Once the UDB opens for gaseous renewable fuels, certification of biomethane from third countries’ grid will only be possible if the foreign grid meets the conditions described in Article 31a of the RED and the implementing regulation. The foreign grid must ensure full traceability of the biomethane injected and withdrawn from the grid in a mass balance system. In particular, information on sustainability and any support provided for the production of a specific consignment of fuel will have to be recorded in the UDB. 

 Our Services: 

  • Regulatory Engagement 
  • Compliance Management 
  • Emissions Data Collection and Organization 
  • Life-Cycle Analysis (LCA) 
  • Cost-Benefit Analysis 
  • Investment Due Diligence 
  • Independent Third-Party Verification and Validation 
  • GHG Inventory and Accounting 
  • EcoUniversity Training 

Based on the RED and EC’s guidelines, the U.S. grid is not compliant with the European definition of interconnected infrastructure and is not considered a single mass balance system and therefore is not part of the UDB system. The limiting factor in the U.S. is the lack of a federal database to track the sustainability, production, transfer of title, and retirement of the environmental attributes of biomethane. 

Recent developments around the UDB present serious challenges for the trade of biomethane between the U.S. and the EU and carry significant repercussions that can jeopardize access of the U.S. biomethane to the EU. There are currently several working groups within the U.S. reviewing alternatives to comply with EU regulations. Whether it is amending the U.S. Environmental Protection Agency (USEPA) Moderated Tracking System (EMTS) to track non-transportation biomethane and include the functionality to capture the emission reduction benefits or utilizing the Midwest Renewable Energy Tracking System (M-RETS®), a registry platform that tracks voluntary biomethane in the U.S., many industry participants feel there is a solution to meeting the EU requirements.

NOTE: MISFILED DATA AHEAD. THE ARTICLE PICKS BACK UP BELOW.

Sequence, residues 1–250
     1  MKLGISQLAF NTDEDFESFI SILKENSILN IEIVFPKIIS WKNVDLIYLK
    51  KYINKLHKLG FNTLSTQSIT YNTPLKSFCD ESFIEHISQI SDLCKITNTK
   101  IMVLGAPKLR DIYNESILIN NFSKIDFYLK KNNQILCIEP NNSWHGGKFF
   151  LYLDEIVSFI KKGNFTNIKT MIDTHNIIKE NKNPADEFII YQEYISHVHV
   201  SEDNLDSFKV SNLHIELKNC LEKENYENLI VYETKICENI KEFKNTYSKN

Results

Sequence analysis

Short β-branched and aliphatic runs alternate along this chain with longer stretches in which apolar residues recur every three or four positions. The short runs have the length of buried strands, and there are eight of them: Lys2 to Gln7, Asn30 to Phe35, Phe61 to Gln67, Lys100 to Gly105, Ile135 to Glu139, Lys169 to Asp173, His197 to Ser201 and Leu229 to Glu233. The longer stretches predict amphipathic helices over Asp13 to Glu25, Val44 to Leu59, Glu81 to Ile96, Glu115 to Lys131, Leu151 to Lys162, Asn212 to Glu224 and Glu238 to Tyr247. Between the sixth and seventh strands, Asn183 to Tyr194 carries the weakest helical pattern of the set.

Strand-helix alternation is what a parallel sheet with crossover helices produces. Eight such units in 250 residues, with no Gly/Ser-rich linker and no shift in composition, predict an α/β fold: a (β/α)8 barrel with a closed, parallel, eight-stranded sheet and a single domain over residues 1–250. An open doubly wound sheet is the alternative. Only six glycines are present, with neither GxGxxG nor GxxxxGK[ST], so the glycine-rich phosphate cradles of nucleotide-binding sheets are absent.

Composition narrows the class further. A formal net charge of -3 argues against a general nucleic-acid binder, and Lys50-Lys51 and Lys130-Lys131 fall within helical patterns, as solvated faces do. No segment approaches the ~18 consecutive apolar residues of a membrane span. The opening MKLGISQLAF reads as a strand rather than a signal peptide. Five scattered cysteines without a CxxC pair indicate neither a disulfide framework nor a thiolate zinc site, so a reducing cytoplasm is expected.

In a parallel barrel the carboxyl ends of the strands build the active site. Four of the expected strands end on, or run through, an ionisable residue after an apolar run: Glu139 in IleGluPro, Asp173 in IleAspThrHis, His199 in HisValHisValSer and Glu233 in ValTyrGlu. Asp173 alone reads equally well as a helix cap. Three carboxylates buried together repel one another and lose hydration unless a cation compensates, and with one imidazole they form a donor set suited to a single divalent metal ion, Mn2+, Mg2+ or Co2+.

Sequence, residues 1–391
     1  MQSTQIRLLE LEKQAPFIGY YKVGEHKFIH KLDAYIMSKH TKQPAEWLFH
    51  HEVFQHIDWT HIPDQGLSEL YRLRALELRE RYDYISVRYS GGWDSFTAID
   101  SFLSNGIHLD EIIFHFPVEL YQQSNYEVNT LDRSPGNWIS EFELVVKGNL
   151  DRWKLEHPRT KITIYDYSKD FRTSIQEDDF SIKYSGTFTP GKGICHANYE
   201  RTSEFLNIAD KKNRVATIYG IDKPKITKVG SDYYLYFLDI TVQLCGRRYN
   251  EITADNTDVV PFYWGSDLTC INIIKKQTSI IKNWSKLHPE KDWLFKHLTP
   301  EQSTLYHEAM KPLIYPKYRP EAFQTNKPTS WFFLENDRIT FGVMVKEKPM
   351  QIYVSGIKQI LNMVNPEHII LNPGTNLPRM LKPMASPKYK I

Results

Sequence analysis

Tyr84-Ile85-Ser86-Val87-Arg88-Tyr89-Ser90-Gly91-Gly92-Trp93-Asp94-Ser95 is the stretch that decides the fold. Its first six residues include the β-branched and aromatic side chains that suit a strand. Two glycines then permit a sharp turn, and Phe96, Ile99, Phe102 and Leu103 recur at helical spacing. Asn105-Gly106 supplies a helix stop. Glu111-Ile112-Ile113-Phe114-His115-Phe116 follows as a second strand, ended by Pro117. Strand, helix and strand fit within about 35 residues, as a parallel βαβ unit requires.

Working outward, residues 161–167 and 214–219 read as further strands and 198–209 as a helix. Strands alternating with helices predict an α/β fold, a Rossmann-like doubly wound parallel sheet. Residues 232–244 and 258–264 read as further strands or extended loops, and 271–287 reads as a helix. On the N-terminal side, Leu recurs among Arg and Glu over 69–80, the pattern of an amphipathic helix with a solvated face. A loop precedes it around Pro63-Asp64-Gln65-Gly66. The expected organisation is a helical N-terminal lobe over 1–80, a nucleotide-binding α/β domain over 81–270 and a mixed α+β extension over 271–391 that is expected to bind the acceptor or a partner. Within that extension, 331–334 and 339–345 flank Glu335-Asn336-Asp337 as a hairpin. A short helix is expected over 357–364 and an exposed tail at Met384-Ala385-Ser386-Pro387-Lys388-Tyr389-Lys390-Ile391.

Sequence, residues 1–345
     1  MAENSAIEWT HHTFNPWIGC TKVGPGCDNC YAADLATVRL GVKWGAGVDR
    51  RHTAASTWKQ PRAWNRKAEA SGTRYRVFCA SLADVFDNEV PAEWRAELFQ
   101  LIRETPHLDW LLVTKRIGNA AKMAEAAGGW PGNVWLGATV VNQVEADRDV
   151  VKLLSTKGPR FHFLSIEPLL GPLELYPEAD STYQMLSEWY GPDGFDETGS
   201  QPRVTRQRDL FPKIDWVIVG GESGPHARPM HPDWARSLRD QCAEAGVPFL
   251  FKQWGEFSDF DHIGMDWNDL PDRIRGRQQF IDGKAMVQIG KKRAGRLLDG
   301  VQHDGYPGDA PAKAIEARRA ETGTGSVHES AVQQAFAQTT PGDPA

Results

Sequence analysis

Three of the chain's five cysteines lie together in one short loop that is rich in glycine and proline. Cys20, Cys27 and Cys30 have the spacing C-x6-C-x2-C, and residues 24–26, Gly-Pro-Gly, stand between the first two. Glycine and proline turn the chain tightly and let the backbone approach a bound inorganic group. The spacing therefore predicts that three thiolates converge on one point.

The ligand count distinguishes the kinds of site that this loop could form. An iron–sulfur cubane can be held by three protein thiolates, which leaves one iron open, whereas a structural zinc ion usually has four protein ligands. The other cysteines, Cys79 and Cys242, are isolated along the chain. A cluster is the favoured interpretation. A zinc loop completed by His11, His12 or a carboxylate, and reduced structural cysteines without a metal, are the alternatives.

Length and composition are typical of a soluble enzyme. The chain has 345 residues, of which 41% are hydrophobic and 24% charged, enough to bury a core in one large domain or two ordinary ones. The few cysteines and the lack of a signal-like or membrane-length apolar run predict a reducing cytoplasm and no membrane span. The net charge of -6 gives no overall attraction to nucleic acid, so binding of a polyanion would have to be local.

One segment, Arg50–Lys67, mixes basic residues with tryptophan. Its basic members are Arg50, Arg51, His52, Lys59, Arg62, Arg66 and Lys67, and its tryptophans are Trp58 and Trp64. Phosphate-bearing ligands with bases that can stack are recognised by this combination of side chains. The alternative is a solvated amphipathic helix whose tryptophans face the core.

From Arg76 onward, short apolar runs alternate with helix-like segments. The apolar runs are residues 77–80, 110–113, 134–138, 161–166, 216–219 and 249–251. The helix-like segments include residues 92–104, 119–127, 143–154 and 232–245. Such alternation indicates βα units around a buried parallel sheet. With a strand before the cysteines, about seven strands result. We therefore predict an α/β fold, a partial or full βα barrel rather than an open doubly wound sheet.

EcoEngineers is your strategic partner in navigating this intricate regulatory landscape, advising you on proactive essential measures to access European market. We bring expertise in both the U.S. and EU regulatory and market developments to help U.S. biomethane suppliers streamline compliance efforts and ensure market integration and business growth on both sides of Atlantic. We also developed an in-depth educational program on the EU’s renewable energy and cap-and-trade systems to help our clients position themselves in the expanding European biomethane market and make strategic business decisions. 

About EcoEngineers 

EcoEngineers is a consulting, auditing, and advisory firm with an exclusive focus on the energy transition. From innovation to impact, we help you navigate the disruption caused by carbon emissions and climate change. We help you stay informed, measure emissions, make investment decisions, maintain compliance, and manage data through the lens of carbon accounting. Our team of engineers, scientists, auditors, consultants, and researchers live and work at the intersection of low-carbon fuel policy, innovative technologies, and the carbon marketplace. Eco was established in 2009 to steer low-carbon fuel producers through the complexities of emerging energy regulations in the United States. Today, our global team is shaping the response to climate change by advising businesses across the energy transition. Together, we can create a world where clean energy fuels a healthy planet.

EcoEngineers is accredited by ANSI National Accreditation Board (ANAB) as a greenhouse gas (GHG) verification body in accordance with ISO standards ISO/IEC 17029:2019, ISO 14065:2020, and ISO 14064-3:2019.